The name Brownlee is synonymous with success in triathlon, and in this podcast I’m talking to legend of the sport, Alistair. He is a two-time Olympic champion, a two-time World champion and, along with his brother Jonny, has dominated the sport for more than a decade.
He’s also a man with a sports science degree, and who is still more engaged in the current scientific research than most coaches. That means, from the perspective of Faster, that he can not only perform at the highest levels, he can talk about what that takes and how to keep looking for ways to improve.
We talk about motivation, and how he (and others) can find the drive to keep working through 35 or 40-hour training weeks, even when the next major competition may be months or years away.
We’re joined by psychologist (and triathlete) Josie Perry to look at just what you have to do to build that sort of dedication, and how the daily stresses of normal life can derail even the most committed athletes.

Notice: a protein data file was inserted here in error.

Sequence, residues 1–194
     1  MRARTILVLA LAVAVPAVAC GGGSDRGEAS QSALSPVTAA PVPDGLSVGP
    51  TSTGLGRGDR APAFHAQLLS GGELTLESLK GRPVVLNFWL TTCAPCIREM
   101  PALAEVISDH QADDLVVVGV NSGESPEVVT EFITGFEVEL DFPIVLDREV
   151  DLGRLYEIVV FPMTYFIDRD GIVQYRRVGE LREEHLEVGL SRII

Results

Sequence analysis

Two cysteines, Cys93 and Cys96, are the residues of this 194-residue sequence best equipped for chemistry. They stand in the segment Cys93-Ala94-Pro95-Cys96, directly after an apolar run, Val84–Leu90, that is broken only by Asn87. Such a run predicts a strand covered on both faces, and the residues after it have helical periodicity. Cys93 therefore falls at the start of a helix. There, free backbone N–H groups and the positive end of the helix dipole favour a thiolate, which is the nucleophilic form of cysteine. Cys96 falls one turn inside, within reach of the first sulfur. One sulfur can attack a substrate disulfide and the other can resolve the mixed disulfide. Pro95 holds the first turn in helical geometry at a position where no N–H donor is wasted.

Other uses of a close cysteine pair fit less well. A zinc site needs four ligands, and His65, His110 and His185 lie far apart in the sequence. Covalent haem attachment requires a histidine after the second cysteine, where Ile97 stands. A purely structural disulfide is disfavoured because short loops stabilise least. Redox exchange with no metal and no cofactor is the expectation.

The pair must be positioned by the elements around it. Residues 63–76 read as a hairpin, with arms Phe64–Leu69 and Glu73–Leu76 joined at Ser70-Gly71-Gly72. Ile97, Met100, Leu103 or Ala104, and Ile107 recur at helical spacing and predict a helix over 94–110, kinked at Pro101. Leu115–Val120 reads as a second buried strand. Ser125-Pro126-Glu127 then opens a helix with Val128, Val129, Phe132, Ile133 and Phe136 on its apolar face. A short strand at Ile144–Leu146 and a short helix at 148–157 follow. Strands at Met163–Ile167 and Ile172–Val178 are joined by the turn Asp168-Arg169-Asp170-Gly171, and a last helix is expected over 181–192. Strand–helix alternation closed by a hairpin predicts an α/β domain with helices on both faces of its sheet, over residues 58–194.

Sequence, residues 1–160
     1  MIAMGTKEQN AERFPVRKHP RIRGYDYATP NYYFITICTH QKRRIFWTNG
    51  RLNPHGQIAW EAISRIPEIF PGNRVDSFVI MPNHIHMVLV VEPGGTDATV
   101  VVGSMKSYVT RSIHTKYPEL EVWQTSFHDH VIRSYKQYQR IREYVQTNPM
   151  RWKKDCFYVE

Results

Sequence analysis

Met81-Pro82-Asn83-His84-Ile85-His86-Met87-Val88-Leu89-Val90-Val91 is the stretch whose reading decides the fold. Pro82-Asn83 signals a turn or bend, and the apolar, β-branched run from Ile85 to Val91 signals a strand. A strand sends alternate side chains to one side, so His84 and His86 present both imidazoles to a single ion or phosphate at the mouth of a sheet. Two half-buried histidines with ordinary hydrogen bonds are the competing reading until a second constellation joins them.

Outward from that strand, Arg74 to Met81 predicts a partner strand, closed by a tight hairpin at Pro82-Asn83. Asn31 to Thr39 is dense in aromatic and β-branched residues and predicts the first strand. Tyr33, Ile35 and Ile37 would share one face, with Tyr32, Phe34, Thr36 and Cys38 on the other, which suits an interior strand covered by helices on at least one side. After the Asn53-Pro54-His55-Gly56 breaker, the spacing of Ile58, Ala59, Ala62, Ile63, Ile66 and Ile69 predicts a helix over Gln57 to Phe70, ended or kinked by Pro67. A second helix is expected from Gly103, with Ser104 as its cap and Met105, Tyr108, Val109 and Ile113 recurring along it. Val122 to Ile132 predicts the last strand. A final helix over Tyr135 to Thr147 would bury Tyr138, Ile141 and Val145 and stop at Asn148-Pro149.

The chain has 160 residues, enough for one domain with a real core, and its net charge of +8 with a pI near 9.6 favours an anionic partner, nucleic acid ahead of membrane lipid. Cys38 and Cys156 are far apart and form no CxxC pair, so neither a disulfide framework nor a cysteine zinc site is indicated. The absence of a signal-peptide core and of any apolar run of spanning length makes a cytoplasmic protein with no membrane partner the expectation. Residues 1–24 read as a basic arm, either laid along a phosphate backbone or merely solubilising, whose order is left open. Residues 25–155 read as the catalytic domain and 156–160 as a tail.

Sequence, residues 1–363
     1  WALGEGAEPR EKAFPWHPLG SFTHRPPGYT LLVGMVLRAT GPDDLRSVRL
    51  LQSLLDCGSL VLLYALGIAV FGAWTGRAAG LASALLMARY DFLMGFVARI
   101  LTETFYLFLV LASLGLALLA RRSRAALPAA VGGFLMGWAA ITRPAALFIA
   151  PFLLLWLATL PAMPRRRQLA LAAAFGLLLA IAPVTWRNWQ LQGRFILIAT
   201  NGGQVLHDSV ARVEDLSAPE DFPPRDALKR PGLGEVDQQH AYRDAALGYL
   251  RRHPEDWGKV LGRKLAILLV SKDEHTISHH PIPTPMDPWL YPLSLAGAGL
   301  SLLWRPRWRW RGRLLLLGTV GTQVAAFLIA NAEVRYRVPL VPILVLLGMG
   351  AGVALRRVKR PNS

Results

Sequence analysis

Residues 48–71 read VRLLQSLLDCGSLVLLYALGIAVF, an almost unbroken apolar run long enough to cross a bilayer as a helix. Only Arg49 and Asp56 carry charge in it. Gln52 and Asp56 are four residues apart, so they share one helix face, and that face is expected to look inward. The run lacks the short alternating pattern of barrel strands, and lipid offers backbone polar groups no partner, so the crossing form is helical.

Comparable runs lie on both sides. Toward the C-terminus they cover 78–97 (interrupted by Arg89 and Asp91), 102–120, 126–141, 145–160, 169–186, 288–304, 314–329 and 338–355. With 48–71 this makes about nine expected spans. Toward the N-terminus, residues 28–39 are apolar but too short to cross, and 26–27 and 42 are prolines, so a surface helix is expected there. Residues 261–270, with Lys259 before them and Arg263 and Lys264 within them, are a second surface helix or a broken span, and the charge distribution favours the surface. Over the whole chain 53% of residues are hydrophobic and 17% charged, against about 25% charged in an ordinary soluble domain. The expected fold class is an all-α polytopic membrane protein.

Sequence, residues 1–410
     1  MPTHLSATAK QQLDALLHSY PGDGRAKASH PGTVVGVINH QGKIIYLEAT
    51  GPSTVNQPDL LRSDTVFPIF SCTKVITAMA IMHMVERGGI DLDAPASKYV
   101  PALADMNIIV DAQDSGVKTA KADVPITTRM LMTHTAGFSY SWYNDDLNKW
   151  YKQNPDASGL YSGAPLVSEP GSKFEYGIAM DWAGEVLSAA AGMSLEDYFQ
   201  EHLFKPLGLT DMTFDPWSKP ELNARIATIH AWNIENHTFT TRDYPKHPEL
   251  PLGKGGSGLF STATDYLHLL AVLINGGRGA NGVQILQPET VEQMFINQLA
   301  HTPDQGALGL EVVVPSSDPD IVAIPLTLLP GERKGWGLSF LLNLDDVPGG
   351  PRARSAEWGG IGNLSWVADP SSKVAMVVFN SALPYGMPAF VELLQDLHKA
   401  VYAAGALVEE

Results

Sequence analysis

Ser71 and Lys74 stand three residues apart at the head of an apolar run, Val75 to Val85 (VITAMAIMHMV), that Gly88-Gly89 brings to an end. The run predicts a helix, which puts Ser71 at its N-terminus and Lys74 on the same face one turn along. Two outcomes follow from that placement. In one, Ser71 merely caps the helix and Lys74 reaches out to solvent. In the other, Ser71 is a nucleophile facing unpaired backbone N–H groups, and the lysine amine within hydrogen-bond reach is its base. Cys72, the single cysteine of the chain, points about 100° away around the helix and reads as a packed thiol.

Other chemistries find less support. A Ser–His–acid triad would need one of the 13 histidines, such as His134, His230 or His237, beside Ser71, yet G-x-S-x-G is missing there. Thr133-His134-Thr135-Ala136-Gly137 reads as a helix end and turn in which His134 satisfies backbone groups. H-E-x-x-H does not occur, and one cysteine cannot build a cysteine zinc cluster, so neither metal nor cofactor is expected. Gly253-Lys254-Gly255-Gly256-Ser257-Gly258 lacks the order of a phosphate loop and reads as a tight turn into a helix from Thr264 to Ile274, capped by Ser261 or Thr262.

We look at the long hours of work that all endurance disciplines demand, and I ask physiologist Louis Passfield about what effect they have and why they’re necessary.
Louis also tells me about a six-hour-a-week training protocol that produced the fastest, most consistent improvements in fitness ever recorded in the scientific literature, but which was so deeply unpleasant that almost none of the test subjects was prepared to keep doing it after the study finished.
And Alistair and I talk about his plans to attempt a sub-seven-hour Ironman – that’s around 40 minutes faster than the current world record – by amending one or two of the normal racing regulations.
You can find all the episodes of Faster here, they're on Spotify, Apply, Amazon or via your podcast app of choice.
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